Australia

The grand plans: How Australian teams plan to break the trans-Tasman duck

Super Rugby trans-Tasman has quickly got away from the Australian sides, with none now capable of reaching the four-win benchmark that most pundits believe will be the minimum requirement to finish in the top two.

As it currently stands, with the five New Zealand teams unbeaten after two rounds, four wins may not be enough. Bonus points will almost certainly be a determining factor.

But none of that really matters for the Australian sides now, who will be using the last three rounds of the competition to build respect and even save a bit of face.

Simply put, the Australian focus now is to win a game.

Having played their first two games in Perth, the Western Force will complete the series with three games in New Zealand, starting with the Hurricanes in Napier on Friday night.

The Hurricanes have scored the most tries in trans-Tasman so far, but they’ve also conceded the most tries of the Kiwi sides. They similarly conceded the second-most tries in Super Rugby Aotearoa. The Force see this as a big opportunity.

“We want to play with a bit of width, and really spread those boys around. I feel like we do have the quality within the side, and the skillset required to play that really expansive and exciting rugby,” Force skipper Kyle Godwin said from Napier on Thursday.

Western Force went down 25-15 to Highlanders last Friday. (

AAP: Trevor Collens

)

“Obviously, we’ve got to be clinical at times and make sure we’re playing in the right positions, but I feel like the team is moving in the right direction and we’re working out when is the right time to play and when is the right time to find some field position.

“We know we’ve got to back our defence to go up another level, as well.”

Godwin said the pressure was on their Kiwi opponents.

The NSW Waratahs face hosting the high-flying Crusaders in Wollongong on Saturday afternoon, fresh from their nine-try thumping of the Queensland Reds last weekend in Brisbane.

But rather than feel daunted, Waratahs hooker Dave Porecki said they’re embracing the prospect.

“Being in a growing environment and developing, to test yourself against arguably one of the best teams in the world is an exciting opportunity for us, to fire some shots and see where it lands,” he said this week.

Rugby union player in the action of scoring a try, while opposition players are trying to tackle during a match
Blues defeated Waratahs 48-21 last Saturday.(

AAP: Brett Phibbs

)

The ‘Tahs conceded 15 turnovers and missed 26 tackles against the Blues last week, and Porecki said it’s a pretty simple lesson to learn ahead of the Crusaders.

“When you’re playing these New Zealand teams, they thrive off turnover ball. They got a lot of turnover off set pieces, and they got a lot of turnover off general phase when we couldn’t hold onto possession,” Porecki said.

The Brumbies say a passive contact area was where they let themselves down last weekend, as they now turn their attention to the Blues in Auckland on Saturday evening.

“We weren’t too happy with our physicality and our intent in the Chiefs game. We thought we trained and prepared exceptionally well, it was probably one of our better weeks, but then come Saturday, we just didn’t front up,” Brumbies backrower Tom Cusack said from Auckland.

“The mindset is something we’ve touched on throughout this week, and we’re looking to put on a full 80-minute Brumbies performance.”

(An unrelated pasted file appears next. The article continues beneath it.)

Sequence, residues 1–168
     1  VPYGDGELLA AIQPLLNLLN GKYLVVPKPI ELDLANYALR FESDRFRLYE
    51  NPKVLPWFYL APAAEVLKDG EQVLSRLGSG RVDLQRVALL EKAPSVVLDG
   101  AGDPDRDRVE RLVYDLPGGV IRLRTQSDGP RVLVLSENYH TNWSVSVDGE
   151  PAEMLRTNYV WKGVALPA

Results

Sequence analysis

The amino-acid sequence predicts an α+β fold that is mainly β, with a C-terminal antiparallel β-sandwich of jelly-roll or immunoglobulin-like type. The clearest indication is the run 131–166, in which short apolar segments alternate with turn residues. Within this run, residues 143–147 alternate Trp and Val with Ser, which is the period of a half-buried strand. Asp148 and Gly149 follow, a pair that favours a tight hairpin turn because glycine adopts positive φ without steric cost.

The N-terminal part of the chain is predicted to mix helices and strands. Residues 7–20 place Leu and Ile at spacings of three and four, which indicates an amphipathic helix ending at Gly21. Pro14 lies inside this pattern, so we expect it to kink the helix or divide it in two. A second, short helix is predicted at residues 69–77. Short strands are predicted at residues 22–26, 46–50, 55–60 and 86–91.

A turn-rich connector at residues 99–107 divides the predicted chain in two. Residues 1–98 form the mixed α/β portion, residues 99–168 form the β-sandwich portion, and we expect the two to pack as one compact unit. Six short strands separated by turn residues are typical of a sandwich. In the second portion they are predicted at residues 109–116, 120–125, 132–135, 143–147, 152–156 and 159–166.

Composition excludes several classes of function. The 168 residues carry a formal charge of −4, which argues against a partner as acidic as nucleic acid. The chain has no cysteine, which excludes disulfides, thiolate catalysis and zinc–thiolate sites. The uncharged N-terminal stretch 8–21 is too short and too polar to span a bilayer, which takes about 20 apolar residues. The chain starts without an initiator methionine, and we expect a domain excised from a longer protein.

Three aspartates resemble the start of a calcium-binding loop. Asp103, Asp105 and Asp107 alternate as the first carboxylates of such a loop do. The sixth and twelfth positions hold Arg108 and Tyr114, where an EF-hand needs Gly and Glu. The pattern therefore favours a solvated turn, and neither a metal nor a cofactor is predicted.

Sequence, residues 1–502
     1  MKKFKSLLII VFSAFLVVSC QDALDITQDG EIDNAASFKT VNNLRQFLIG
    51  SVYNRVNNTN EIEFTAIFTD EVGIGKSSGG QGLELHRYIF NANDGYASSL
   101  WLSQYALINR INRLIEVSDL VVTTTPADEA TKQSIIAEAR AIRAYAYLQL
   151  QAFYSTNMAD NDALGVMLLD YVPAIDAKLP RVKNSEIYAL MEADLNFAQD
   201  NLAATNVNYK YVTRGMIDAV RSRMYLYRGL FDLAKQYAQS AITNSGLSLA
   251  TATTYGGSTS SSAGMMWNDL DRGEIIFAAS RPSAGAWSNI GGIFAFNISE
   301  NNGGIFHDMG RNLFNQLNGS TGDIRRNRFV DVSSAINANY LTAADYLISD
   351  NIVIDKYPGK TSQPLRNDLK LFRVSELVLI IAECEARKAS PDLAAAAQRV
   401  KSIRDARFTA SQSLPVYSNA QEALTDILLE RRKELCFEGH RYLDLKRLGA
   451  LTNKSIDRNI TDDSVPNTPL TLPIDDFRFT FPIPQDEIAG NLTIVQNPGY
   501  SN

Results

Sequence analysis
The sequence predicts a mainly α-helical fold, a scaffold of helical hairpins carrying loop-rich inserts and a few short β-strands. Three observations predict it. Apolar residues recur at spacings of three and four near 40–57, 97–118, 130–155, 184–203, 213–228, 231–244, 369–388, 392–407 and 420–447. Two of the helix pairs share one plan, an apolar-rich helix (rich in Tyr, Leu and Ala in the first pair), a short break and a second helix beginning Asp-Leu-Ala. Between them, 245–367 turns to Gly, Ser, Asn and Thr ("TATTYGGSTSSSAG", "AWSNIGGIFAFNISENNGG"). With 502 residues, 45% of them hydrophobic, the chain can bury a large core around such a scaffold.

After averaging more than four-and-a-half tries a game through the Australian competition, the Brumbies have found just seven in their past two games.

Rugby player running the ball with the opposition team trying to tackle him during a match
Brumbies lost to the Chiefs 40-19 last Saturday. (

AAP: Jeremy Ward

)

Cusack said the Brumbies were eyeing attack as the best form of defence against the Blues, as they look to prove they’re a better side than recent weeks have indicated.

“We’re looking to rectify that and put our best performance out there, play some free-flowing rugby. Although it might be a bit wet, we’ll be looking to play an expansive style with a lot of enjoyment.”

The Reds believe their failure to adapt marred their opening trans-Tasman games, something they’ll need to address quickly before hosting the Chiefs in Townsville on Saturday night.

“We are leaving ourselves a bit short,” Queensland fullback Bryce Hegarty said.

“The game is faster, everyone can probably see that; how it’s being refereed and played is that quicker sort of game, which is really good, but we’ve let them take the lead on that, rather than us adapting to it.”

Hegarty said the Reds had found the first two rounds tough going after all the energy they put into winning Super Rugby AU, and the emotion that win consumed.

Rugby union player in the action of scoring a try
The Crusaders trashed the Reds 63-28 last Saturday.(

AAP: Darren England

)

The Melbourne Rebels face a fluid situation. Having played last Friday in Wellington, and not playing the Highlanders in Queenstown until Sunday, the Rebels elected to return to Melbourne this week. They issued a statement late on Wednesday advising they would base themselves in Sydney, with the intention to travel directly to Queenstown on Saturday so that Sunday’s match can be played as scheduled.

In the worst-case scenario, points would be split if the game cannot be played, in line with precedents.

Super Rugby trans-Tasman – Round 3 (all times AEST)

Friday

Hurricanes v Force, Napier 1705

Saturday

Waratahs v Crusaders, Wollongong 1505

Blues v Brumbies, Auckland 1715

Reds v Chiefs, Townsville 1945

Sunday

Highlanders v Rebels, Queenstown 1235* (still TBC)


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